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SOSC 1009 Study Guide - Midterm Guide: Lifeworld, Edmund Husserl, Friedrich Schleiermacher

Social Science
Course Code
SOSC 1009
Study Guide

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Hermeneutics is basically the art of interpretation. This word was first mentioned by a German
philosopher, who is Friedrich Schleiermacher (1768 - 1834) in Bible studies. At first,
“hermeneutics” is used in term of interpreting the text, the context and the author of the sacred
text, or scripture, in Bible. Hermeneutics comes from the Greek word “hermeneueien” (“to
understand”) and Hermes, the divine messenger in Greek mythology who is the bearer of
information and knowledge. Later, the word “hermeneutics” was applied in human science
research by Wilhelm Dilthey (1833 - 1911) and in contemporary hermeneutics, Hans Georg
Gadamer (1900 2002) introduced an important term in hermeneutics, that is “a fusion of
horizons”. In other words, Gadamer claimed that when one is reading a text, he brings together
his own experiences, assumptions, beliefs, knowledge… (and these are so called his own
“horizons”). The readers horizons and the authors horizons, expressed by the literary world of
the text, both made a collision in the act of reading and interpreting. Different people would have
different outlooks even when reading the same text. Therefore, one should look beyond his own
assumptions, or his own “horizons” so to speak, to capture a broader image of a text.
More recently, Kneller (1984) has suggested four principles for hermeneutics, as following:
1. Understanding a human act or human product is like understanding a text. This
means, if we want to understand a phenomena of human being, it should be researched in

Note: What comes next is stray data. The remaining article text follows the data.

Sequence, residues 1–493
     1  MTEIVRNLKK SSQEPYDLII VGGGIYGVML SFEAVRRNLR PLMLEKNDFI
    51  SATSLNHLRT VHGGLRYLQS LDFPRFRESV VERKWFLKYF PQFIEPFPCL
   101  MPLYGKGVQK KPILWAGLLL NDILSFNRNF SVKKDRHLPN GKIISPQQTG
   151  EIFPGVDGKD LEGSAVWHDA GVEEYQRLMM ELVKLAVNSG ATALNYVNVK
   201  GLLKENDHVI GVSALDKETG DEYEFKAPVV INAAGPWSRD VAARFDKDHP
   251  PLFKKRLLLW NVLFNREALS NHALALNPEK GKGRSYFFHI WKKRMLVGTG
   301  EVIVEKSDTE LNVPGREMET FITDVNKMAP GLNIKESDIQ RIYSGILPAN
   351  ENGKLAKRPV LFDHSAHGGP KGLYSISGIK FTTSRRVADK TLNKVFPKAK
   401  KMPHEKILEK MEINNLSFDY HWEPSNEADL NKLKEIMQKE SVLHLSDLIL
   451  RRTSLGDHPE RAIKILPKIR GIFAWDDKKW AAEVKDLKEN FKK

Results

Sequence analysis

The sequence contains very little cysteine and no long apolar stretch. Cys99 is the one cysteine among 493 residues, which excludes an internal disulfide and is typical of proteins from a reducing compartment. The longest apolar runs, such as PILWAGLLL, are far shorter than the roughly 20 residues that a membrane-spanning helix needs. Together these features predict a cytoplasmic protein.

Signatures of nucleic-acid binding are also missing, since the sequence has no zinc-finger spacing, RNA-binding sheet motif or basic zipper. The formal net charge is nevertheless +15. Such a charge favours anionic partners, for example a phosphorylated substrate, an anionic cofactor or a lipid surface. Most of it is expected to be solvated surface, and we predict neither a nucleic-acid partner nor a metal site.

its own context instead of understood independently.
2. All interpretation occurs within a tradition. This means, one can never be positive that
what he understands from the text is exactly the same as what the author meant to
3. Interpretation involves opening oneself to a text or any kind of phenomenon and
questioning it. This means, when a fusion of horizons is created, it challenges one’s
assumptions whether it is right or it should be changed.
4. One must interpret the text in the light of one’s situation. This means, one should
leave behind one’s own assumptions and experiences because they make a big impact on
the act of interpreting the text which could lead to misinterpretation.
Social Science is the study of the society. The society is a human creation, that is to say Social
Science is the study of human. More clearly, Social Science is like a Ring Theory that consists
of layers of perceptions (disciplines of Social Science), such as anthropology, psychology,
history, sociology, geography, education… and human being stands in the middle of these
concentric circles. Some fields could overlap to others because all the fields connect together
and cannot stand separately. With this in mind, researching in Social Science by the
hermeneutical approach, the whole cannot be understood without its part and vice versa, like
in a hermeneutic circle. Looking beyond one’s immediate layers perceptions allows one to be
more open to possibilities which could help to elucidate the text more properly and precisely in
the authors context.
You’re definitely on the right track. Think of some examples to illustrate interpreting the text,
social science (ring theory) and hermeneutic circle.
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